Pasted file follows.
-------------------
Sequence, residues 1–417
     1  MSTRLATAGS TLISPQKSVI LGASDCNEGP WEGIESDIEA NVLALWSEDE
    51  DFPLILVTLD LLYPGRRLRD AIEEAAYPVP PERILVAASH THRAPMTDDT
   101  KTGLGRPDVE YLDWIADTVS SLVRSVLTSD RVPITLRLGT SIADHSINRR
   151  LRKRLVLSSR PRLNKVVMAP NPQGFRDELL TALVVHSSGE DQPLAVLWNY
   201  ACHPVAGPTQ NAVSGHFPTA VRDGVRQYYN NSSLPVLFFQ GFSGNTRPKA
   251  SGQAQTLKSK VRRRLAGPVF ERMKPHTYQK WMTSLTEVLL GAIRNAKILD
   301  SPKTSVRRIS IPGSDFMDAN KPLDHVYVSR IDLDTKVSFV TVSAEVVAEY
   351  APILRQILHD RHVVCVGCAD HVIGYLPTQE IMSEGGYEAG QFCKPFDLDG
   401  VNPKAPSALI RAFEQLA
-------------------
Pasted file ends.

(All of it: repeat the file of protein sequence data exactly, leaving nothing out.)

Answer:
Sequence, residues 1–417
     1  MSTRLATAGS TLISPQKSVI LGASDCNEGP WEGIESDIEA NVLALWSEDE
    51  DFPLILVTLD LLYPGRRLRD AIEEAAYPVP PERILVAASH THRAPMTDDT
   101  KTGLGRPDVE YLDWIADTVS SLVRSVLTSD RVPITLRLGT SIADHSINRR
   151  LRKRLVLSSR PRLNKVVMAP NPQGFRDELL TALVVHSSGE DQPLAVLWNY
   201  ACHPVAGPTQ NAVSGHFPTA VRDGVRQYYN NSSLPVLFFQ GFSGNTRPKA
   251  SGQAQTLKSK VRRRLAGPVF ERMKPHTYQK WMTSLTEVLL GAIRNAKILD
   301  SPKTSVRRIS IPGSDFMDAN KPLDHVYVSR IDLDTKVSFV TVSAEVVAEY
   351  APILRQILHD RHVVCVGCAD HVIGYLPTQE IMSEGGYEAG QFCKPFDLDG
   401  VNPKAPSALI RAFEQLA